Clergy more likely to suffer from depression, anxiety

August 28, 2013, Duke University
Clergy more likely to suffer from depression, anxiety

The demands placed on clergy by themselves and others put pastors at far greater risk for depression than individuals with other occupations, a new study by the Clergy Health Initiative at Duke Divinity School has found.

The study, published this week in the Journal of Primary Prevention, compared the mental of 95 percent of the United Methodist clergy in North Carolina (1,726 pastors) to a of Americans and identified key factors that predict and . Clergy participants were predominantly male (75 percent) and white (91 percent); the mean age was 52 years old.

The study, conducted in 2008, found the depression rate among clergy to be 8.7 percent when responses were limited to telephone interviews that closely approximated the conditions of a (the 2005-06 National Health and Nutrition Examination Survey study). However, among clergy taking the survey via Web or paper, the rate of depression was even higher: 11.1 percent—double the then national rate of 5.5 percent.

Anxiety rates among clergy were 13.5 percent (no comparable U.S. rate was available). More than 7 percent of clergy simultaneously experienced depression and anxiety.

A number of factors were found to be powerful predictors of depression and anxiety, most notably job stress. Clergy engage in many stressful activities, including grief counseling, navigating the competing demands of congregants, and delivering a weekly sermon that opens them up to criticism. The strain of these roles is further amplified by having to switch rapidly between them, which other studies have shown to exacerbate .

Furthermore, the study found that pastors' sense of guilt about not doing enough at work was a top predictor of depression, and that doubt of their call to ministry was a top predictor of anxiety. Pastors with less social support—those who reported feeling socially isolated—were at higher risk for depression.

By contrast, pastors reporting greater satisfaction with their ministry were half as likely to qualify for depression or anxiety.

"Pastors may have created a life for themselves that is so strongly intertwined with their ministry, that their emotional health is dependent on the state of their ministry," said Rae Jean Proeschold-Bell, the Clergy Health Initiative's research director, and assistant research professor at the Duke Global Health Institute. "So it's possible that when pastors feel their ministry is going well, they experience positive emotions potent enough to buffer them from mental distress. Of course, the converse is also true."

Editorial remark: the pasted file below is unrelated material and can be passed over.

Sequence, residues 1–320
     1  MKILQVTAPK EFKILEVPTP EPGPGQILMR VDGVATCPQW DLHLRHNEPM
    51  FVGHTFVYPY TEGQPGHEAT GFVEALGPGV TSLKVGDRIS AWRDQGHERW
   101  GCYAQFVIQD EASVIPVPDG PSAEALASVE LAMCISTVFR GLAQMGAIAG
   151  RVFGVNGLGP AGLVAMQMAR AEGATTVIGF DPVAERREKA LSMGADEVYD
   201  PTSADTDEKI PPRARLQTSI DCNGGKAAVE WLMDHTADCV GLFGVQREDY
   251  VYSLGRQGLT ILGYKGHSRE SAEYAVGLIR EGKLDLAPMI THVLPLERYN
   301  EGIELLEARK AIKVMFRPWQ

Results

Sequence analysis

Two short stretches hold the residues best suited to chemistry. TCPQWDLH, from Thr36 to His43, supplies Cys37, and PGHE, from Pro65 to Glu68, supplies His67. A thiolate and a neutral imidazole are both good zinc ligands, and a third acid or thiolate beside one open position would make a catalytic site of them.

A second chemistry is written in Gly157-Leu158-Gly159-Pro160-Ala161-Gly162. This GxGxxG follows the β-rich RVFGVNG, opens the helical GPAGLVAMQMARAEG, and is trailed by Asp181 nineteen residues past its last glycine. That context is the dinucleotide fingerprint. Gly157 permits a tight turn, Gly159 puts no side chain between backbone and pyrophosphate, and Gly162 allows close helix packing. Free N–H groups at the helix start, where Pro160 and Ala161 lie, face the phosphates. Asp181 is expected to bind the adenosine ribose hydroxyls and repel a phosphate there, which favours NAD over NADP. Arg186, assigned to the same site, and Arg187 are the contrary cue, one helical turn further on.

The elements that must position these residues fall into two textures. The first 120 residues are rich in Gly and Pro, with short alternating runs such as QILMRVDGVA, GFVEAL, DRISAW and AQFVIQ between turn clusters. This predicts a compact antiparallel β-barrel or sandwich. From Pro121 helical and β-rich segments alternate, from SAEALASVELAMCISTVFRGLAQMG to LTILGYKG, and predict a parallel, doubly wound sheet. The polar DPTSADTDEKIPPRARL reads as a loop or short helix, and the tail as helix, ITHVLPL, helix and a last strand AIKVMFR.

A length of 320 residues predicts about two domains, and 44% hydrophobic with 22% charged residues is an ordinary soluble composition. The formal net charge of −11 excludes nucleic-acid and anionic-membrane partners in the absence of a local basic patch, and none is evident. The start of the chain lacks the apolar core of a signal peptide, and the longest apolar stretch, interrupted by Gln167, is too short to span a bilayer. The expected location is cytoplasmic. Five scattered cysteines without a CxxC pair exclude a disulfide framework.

The rates reflected in this survey represent the percentage of individuals who reported symptoms of depression and anxiety over the previous two weeks only. It is probable that a far higher percentage of clergy experience depression or anxiety at some point during a lifetime spent in ministry, Proeschold-Bell said.

"It's common for public health professionals to ask pastors to offer health programming to their congregants," said Proeschold-Bell. "These findings tell us that we need to reverse course and consider how to attend to the mental health of pastors themselves."

While pastors can proactively take steps to bolster their mental health—by taking vacation and Sabbath time, fostering friendships outside the church and seeking counseling—there are many ways for others to support these efforts, too, Proeschold-Bell said.

Seminaries can train their students to anticipate competing demands on their time and negotiate conflict. Denominational officials can praise clergy for their efforts, particularly when those pastors are serving churches roiled in conflict. And congregants can support their pastors by volunteering for tasks and following through on commitments, letting pastors know when they are moved by their work, and making it possible for pastors to take time away from the church.